It isn't an overly big picture but what struck me was that there was little protection and you could go right up to it and no many people were there when I saw it. I'm sure it did have some type of transparent cover (I can't recall) but there wasn't a guard or a rope as there are for many famous artifacts like that.

    It was certainly more appealing that the picture posted in this thread.
     
  20. iceaura Valued Senior Member

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    The Law of the Taj Mahal states: if some work of human creativity has been world famous and world visited as itself (not as a symbol or memorial, etc) for a hundred years or more, there's a reason.

    A companion principle, which remains unnamed afaik, runs something like this: as recording (photo, sound, any) levels, compresses, reduces contrast and complexity, edits, simplifies, blurs overtones and subliminally registered details, etc, the better the work the less the recording does it justice.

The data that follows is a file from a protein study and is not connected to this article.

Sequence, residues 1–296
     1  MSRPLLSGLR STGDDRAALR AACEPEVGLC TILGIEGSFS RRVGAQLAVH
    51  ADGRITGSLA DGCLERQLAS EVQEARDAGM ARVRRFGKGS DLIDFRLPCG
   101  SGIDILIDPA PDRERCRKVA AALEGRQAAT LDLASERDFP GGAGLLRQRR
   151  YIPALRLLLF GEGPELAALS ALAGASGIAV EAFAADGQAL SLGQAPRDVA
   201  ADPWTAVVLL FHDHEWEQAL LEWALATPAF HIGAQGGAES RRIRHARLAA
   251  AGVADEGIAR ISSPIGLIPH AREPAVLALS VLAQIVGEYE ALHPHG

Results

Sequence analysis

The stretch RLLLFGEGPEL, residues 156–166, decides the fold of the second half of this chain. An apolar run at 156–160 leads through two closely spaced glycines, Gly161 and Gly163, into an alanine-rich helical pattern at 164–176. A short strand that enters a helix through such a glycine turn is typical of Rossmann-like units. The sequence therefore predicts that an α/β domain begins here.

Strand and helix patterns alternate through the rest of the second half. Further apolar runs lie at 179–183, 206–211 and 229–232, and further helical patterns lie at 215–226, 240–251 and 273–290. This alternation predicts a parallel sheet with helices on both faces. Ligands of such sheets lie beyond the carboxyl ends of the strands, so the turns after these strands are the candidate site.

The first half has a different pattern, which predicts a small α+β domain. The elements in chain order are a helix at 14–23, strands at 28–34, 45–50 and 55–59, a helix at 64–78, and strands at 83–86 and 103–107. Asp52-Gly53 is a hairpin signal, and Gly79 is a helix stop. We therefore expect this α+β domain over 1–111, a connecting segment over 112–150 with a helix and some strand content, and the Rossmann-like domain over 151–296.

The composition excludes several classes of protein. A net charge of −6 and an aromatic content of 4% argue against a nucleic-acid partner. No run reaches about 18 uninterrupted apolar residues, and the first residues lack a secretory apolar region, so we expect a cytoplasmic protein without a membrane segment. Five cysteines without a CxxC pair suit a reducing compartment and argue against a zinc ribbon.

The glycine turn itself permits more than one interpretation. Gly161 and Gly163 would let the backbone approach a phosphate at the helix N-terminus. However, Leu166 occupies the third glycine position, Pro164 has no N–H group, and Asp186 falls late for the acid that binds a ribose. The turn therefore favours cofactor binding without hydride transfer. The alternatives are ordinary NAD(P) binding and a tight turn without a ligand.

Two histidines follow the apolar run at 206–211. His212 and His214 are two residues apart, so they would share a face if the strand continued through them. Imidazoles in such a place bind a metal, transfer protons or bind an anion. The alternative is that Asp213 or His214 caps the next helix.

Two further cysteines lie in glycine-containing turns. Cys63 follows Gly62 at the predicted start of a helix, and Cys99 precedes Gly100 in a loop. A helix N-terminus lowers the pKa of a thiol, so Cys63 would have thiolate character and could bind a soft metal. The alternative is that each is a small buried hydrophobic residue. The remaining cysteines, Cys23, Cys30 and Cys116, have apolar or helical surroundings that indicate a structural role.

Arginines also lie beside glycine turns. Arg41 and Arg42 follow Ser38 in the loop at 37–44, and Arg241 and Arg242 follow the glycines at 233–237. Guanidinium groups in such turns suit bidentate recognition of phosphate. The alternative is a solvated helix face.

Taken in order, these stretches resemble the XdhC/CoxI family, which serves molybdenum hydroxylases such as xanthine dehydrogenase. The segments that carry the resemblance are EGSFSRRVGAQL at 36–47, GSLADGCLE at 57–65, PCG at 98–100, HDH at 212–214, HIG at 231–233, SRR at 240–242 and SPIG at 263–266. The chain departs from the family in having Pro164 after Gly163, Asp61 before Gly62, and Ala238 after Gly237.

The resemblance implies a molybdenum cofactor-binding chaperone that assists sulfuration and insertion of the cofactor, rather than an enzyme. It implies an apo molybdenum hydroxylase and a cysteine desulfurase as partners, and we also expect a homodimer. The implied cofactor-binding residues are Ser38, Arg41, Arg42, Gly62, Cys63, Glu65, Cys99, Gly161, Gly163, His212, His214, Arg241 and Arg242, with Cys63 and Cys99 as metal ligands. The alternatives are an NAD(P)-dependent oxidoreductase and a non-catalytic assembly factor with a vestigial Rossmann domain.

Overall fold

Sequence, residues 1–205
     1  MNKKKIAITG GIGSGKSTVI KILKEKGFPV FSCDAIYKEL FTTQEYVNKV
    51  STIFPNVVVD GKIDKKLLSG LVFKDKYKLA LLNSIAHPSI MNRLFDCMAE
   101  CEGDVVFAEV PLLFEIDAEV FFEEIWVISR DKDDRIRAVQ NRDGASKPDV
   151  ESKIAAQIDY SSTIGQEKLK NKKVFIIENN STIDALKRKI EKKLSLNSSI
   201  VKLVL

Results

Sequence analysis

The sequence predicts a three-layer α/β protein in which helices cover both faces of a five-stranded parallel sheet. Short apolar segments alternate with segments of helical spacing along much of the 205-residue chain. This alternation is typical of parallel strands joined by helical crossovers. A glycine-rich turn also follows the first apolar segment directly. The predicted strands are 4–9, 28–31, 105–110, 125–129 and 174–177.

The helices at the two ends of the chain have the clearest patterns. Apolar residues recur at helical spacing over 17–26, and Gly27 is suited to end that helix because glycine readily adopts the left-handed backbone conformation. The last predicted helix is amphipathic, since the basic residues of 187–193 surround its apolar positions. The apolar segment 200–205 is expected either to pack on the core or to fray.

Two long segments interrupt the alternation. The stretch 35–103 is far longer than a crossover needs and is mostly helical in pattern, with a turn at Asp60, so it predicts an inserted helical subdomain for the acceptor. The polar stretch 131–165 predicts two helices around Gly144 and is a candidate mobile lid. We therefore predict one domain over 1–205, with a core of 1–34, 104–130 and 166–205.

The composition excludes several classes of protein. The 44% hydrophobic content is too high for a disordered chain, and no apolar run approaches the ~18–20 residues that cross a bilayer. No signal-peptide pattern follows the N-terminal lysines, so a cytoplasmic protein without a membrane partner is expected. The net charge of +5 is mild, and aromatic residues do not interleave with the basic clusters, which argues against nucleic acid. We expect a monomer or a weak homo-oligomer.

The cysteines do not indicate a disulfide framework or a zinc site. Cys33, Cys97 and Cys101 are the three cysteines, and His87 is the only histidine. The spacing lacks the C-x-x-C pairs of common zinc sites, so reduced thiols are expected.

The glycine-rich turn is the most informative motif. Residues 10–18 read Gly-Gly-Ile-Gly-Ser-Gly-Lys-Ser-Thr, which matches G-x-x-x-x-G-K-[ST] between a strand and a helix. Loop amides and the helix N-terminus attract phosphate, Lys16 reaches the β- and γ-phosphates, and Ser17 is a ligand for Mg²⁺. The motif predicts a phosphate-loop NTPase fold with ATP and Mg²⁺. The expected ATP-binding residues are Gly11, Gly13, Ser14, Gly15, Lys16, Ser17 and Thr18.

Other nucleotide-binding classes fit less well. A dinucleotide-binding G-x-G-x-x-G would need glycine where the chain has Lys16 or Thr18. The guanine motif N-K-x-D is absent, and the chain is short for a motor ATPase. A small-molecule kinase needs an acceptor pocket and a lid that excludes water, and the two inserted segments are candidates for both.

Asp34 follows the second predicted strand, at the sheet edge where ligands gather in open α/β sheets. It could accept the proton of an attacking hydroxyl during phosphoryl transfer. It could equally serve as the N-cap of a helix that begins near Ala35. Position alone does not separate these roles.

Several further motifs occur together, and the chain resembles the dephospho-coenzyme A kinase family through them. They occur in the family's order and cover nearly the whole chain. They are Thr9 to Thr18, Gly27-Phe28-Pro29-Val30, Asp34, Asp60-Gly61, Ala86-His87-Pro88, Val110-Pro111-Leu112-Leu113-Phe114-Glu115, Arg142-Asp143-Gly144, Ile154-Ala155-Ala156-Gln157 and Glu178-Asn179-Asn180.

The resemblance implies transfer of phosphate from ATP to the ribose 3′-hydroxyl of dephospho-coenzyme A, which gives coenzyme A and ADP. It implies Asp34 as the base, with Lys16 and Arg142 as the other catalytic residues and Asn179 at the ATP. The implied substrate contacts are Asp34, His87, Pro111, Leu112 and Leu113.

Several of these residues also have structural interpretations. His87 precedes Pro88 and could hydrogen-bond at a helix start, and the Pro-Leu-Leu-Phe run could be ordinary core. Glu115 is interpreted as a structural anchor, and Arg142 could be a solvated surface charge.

The Mona Lisa never looked like much in its photos, to me, but one learns from wandering into local museums that the better the work, the less reliable the photo. Call it the "Jackson Pollock Principle", or maybe the "MP3 Illusion" - until you see the thing itself, hear the music live, etc, you don't really know. Here's a photo of the sculpture that first startled me with that lesson: http://theeyedoesntlie.com/wp-content/uploads/2015/12/Picasso-Jester.jpg If you think you know what it's about from that photo - you don't.
     
  21. Stoniphi obscurely fossiliferous Valued Senior Member

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    I also saw the Mona Lisa at the Louvre and was somewhat surprised at the lack of security, but that was in the 1960's. I believe it is behind a sheet of Lexan cyanoacrylate these days.